The hype around hydrogen fuel cells gradually faded as BEVs began to take hold in the evolving green-transportation market. Might technological improvements bring them back into competition?
In the 2000s, under pressure to build greener cars, several automakers pursued hydrogen-based fuel-cell technology as an energy-efficient, environmentally friendly solution for powering vehicles whose only exhaust emission would be water vapor. Investors poured massive amounts of resources into hydrogen fuel-cell development, and a handful of hydrogen fuel-cell vehicles (FCVs) hit the market over the past decade.
The hype around hydrogen fuel cells gradually faded, however, as battery electric vehicles (BEVs) began to take hold in the evolving green-transportation market. Tesla’s 2008 launch of its first luxury electric car, the Roadster, opened the door to consumer BEV development and adoption. It rapidly became obvious that for the near future, battery power would deliver more efficient solutions than fuel cells to meet the demand for green cars.
Looking in the rearview mirror, what happened to all the programs to develop hydrogen FCVs? And going forward, might technological improvements bring them back into competition with BEVs?
Bumps in the hydrogen road
In the late 1990s, when lithium-ion battery technology was not yet sufficiently developed for use in commercial vehicles, many people were betting on hydrogen technology, which seemed more feasible and forward-thinking. Toyota was among the first to take an interest in hydrogen fuel-cell technology, and in 2014, the automaker launched Mirai, a fuel-cell sedan. By the end of 2021, however, only about 800 units had been sold in Europe. Hyundai’s Nexo, a fuel-cell SUV that debuted around the same time, also failed to find buyers.
But those early commercial disappointments didn’t stop other companies, among them BMW and Audi, from pursuing the technology and betting on fuel-cell vehicles. BMW believed that hydrogen cars would gain more interest through the development of necessary infrastructure for hydrogen in the future. The German carmaker cited hydrogen cars’ numerous benefits, including quick charging time, longer range, ability to deliver full performance even under –20˚C, and virtually no engine noise. BMW recently reaffirmed its commitment to hydrogen FCVs and said small volumes of the BMW iX5 Hydrogen would be produced before the end of 2022.
On the other hand, some European carmakers, including Volkswagen and Mercedes, share Tesla’s belief that hydrogen cars have no future. For starters, hydrogen-fueled cars are far more expensive to purchase than BEVs. And the companies note that the process of running a fuel-cell car — from generating the pure hydrogen to fueling the electric powertrain to drive the vehicle — does not contribute to climate protection, as most of the hydrogen is still generated using fossil fuels.
Are batteries the better choice?
BEVs today are substantially more energy-efficient than FCVs, based on such factors as how the fuel is produced and how electricity is generated in the car. The well-to-wheel analysis, which is a way to measure the overall efficiency of a vehicle, shows that there are more steps involved in running a hydrogen car than in operating a BEV. For hydrogen, you need to carry out electrolysis, compress the gas and transport it, and then convert the hydrogen back to electricity. A considerable amount of energy loss takes place at each step, resulting in an overall efficiency of just about 40%. Additionally, as mentioned on the European Commission’s energy website, 96% of hydrogen in Europe is still produced using fossil fuels.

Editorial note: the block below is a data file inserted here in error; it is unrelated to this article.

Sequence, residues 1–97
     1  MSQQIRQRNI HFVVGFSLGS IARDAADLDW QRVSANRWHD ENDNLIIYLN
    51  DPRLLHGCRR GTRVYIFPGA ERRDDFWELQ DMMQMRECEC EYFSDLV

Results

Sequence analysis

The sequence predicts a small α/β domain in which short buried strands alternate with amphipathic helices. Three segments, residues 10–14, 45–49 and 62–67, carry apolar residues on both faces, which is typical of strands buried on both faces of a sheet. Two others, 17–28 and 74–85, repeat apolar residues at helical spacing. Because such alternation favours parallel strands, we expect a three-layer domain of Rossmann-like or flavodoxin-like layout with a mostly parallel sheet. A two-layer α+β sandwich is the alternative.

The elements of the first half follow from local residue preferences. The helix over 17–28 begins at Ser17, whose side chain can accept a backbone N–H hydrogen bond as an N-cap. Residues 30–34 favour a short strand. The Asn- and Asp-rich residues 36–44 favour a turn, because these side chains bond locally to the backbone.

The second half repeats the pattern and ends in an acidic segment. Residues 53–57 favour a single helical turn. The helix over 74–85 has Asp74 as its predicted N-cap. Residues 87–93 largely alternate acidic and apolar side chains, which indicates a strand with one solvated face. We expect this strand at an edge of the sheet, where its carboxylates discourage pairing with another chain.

BEVs, on the other hand, have a well-to-wheel efficiency of about 76%, and EV charging stations are now adopting renewable sources, making BEVs more eco-friendly.
All of these factors have led to a boom in the EV market in Europe, and most automakers are shifting the production of battery-powered vehicles. European governments are aiming to lead the world in consumer EV adoption through massive subsidies, tax breaks, and free charging options for consumers. As a result of these incentives, sales of EVs surpassed diesel car sales in December 2021, according to the United National Environment Program (UNEP), and the European Automobile Manufacturers Association (ACEA) reported in July that in the 2021–2022 time period, one in every five new cars sold had a plug.
Next-gen hydrogen systems
Setting aside hydrogen’s drawbacks, the fact that it is a sustainable fuel choice cannot be ignored. By adopting more renewable sources in the hydrogen fuel-cell supply chain, FCVs can potentially compete with BEVs, as hydrogen fuel cells have two main advantages over batteries: weight and charging time. Hydrogen is stored in gaseous form, making the fuel cells lightweight, and an empty tank can be filled up in just five minutes, whereas current EV chargers power the battery from 0% to 80% in 10 to as many as 30 minutes, depending on the charger type.
Nonetheless, with current technology, hydrogen fuel systems for vehicles are still very inefficient.
Europe’s rising role
Several European startups are currently working on improving fuel-cell technology to make hydrogen production for FCVs much more environmentally friendly. AFC Energy (based in the U.K.), Topsoe (Denmark), Hopium (France), and SFC Energy (Germany) are the main players in the European fuel-cell technology market.
Over the next decade, watch for innovations from these and other companies working on alternatives to batteries to fuel the next generation of electric-motor–powered vehicles.